The origins of the phrase ‘doing time’ are not exactly known, but for me it described quite well the nature of being in prison. In this one phrase the active, busy, continuous present tense word ‘doing’ butted straight into the vast, eternal and ominous word ‘time’. The kids I met in Reiby Juvenile Justice Centre were certainly doing time, they were caught up in a range of doing typical of teenage boys – playing video games, or sports like footy, and going to school – yet unlike most teenagers, these activities were measured against an ever conscious register of time: every boy I met could reel off how long was left for him; ‘eight months’; ‘three years’; ‘one and a half years’. These boys had been ‘doing time’ for a long time; all were on long sentences. Most had been inside before. Some also had parents in jail. For these boys, the rhythm of prison was familiar. Frustrated and intensely bored, they would call ‘time out’ whenever the class or conversation would drag. Yet against this ferocious impatience, they talked with an unbearable lethargy about how their days were spent; as one boy explained he was ‘letting the time pass’.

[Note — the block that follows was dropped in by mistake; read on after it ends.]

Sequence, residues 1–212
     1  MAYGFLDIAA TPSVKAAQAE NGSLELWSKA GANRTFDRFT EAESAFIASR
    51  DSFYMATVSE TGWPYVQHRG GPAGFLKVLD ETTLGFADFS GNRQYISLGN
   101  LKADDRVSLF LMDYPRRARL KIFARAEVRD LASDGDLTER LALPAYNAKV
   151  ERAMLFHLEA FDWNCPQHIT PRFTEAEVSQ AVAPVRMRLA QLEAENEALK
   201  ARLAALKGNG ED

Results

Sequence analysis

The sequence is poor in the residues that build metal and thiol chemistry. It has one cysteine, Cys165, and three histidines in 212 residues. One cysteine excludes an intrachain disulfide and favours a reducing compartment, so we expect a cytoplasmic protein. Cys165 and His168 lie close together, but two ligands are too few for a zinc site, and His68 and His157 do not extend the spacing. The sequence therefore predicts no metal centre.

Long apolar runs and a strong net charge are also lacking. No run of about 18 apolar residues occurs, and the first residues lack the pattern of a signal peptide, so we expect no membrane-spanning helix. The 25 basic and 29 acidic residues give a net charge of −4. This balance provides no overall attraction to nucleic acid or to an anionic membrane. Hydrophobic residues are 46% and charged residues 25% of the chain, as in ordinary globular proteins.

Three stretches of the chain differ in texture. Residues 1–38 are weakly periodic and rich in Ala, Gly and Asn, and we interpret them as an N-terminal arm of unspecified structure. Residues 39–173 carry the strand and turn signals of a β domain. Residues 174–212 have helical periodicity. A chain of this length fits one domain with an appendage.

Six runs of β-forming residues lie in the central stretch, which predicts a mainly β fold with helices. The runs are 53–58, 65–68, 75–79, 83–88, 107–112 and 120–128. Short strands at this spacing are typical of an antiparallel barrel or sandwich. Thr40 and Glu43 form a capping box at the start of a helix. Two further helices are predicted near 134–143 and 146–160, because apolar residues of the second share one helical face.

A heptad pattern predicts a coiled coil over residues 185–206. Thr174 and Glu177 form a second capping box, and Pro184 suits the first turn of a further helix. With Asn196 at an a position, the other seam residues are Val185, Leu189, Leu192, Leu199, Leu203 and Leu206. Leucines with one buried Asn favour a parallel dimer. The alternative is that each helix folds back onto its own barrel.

Recommended CitationBegg, Zanny, 'Doing Time', Law Text Culture, 19, 2015, 154-165.